You can really let the fabric sit as long as you want, just don't forget to keep stirring. 30 mins is the minimum wait time, I usually let the soda ash have at least an hour to do its work. Then it's time to put on those rubber gloves and rinse out the dye!

Note: The color the fabric is now is NOT the color it will be once you wash and dry it. It will be a lighter shade - perhaps even a MUCH lighter shade.

Rinsing is the most backbreaking part of the process, and it's kind of cold too since you have to rinse out each garment in cold water until it runs clear. This can be up to a half hour, depending on how much you are dying and what color you are using. (Red or colors containing red are the worst).

Then it's time to throw your pieces into the washing machine and wash them out! Follow the Dharma instructions for temperatures. (I handwash mine sometimes. That works too.)

And then, at long last, you have your new clothes! As you can see, the socks didn't take color at all, and the blouse and skirt remained light. The blouse definitely shifted from gray to lavender, and the skirt is a darker purple,but not as dark as I hoped for. Another round is due eventually!

Friday, June 6, 2014

In a Sewing Revolution

I have this theory (that I've mentioned before) that the reason sewing fell out of vogue with my mother's generation is that this is when cheaply made sewing machines became common. Instead of good old solid metal machines, we started getting plastic parts and fussy bobbins and other clipped corners that came with only paying $99 for a machine. So those cheap parts failed and home seamstresses threw up their hands over messed up tension and jammed bobbins and said "no more! I can buy my clothes and curtains and pillows and I will!"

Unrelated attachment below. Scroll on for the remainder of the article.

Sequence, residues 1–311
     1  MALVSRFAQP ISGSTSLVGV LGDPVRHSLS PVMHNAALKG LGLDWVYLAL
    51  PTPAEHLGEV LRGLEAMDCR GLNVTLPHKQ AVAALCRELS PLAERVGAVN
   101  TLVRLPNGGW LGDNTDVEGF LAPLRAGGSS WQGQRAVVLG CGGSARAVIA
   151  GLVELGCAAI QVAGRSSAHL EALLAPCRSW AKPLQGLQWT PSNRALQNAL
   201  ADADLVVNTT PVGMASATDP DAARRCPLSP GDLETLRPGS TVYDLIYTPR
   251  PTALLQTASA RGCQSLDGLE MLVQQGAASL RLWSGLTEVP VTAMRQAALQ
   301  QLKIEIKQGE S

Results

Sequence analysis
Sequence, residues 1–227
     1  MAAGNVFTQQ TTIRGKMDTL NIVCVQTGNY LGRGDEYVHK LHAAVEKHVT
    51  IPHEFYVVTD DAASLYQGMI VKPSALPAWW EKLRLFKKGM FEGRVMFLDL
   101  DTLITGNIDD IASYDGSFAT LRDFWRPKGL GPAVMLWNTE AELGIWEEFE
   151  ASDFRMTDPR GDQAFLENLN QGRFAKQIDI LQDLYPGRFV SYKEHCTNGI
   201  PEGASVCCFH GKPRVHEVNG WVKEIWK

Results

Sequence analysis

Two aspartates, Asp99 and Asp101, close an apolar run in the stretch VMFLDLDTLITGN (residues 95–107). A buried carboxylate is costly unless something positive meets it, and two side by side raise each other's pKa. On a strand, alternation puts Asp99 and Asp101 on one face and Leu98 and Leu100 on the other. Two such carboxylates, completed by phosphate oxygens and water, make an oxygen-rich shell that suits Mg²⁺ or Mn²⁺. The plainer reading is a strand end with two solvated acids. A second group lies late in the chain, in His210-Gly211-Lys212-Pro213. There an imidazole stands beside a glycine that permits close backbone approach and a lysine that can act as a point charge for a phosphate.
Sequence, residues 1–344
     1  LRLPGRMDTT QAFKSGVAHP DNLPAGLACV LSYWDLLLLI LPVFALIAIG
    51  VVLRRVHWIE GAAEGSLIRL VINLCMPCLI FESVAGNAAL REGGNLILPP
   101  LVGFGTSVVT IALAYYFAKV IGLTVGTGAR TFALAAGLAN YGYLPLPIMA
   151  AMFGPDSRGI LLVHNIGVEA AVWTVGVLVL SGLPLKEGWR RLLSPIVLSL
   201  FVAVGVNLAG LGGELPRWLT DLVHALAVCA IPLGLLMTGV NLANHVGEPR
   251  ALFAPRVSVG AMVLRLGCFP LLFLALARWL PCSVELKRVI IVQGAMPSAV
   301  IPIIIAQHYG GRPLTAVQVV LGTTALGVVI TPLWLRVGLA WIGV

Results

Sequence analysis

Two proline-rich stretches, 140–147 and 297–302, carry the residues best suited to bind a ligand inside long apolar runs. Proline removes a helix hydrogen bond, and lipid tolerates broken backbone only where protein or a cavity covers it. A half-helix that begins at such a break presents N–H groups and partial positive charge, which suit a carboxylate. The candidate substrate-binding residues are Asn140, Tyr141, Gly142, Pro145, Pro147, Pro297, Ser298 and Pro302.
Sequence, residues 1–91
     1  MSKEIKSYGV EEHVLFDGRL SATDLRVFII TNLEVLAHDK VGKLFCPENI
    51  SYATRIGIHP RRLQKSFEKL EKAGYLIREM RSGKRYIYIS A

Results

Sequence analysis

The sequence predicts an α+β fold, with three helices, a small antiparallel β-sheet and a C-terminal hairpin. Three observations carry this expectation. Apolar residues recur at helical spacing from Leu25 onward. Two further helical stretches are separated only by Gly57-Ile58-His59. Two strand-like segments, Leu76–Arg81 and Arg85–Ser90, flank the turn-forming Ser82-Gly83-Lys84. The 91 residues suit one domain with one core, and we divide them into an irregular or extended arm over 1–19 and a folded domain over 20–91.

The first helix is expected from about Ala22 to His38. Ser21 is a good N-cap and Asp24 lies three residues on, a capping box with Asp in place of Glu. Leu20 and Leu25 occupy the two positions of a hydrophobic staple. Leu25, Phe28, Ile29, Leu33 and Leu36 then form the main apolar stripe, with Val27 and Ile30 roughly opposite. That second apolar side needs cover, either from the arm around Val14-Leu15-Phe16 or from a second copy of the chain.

Women didn't stop sewing, just the majority of them. But their mothers still sewed because they came from an era when you had to sew a lot and they knew how to make their good old machines work. And when those machines broke, they fixed them. And when they couldn't fix them, they were usually grandmothers and had extra cash to invest in really good new machines and go on sewing doll clothes and quilts for the grandkids.

And then those grandkids grew up and saw their grandmothers sewing, and saw it was something their mothers didn't do, so what started as granny/grandaughter time grew into their own rebellion of parental culture. They became a generation concerned about waste, so they learned to refashion thrift store options. They're concerned about individuality so they make one of a kind garments. And they're the internet generation, so they went online and found that they were not alone. Instead of expensive classes, they found youtube. Instead of groups of grandmothers, they found blogrolls of their own peers. Instead of just buying whatever the local craft store had, they discovered discount suppliers, independent patternmakers, and best of all, sewing machines they could read reviews of before buying.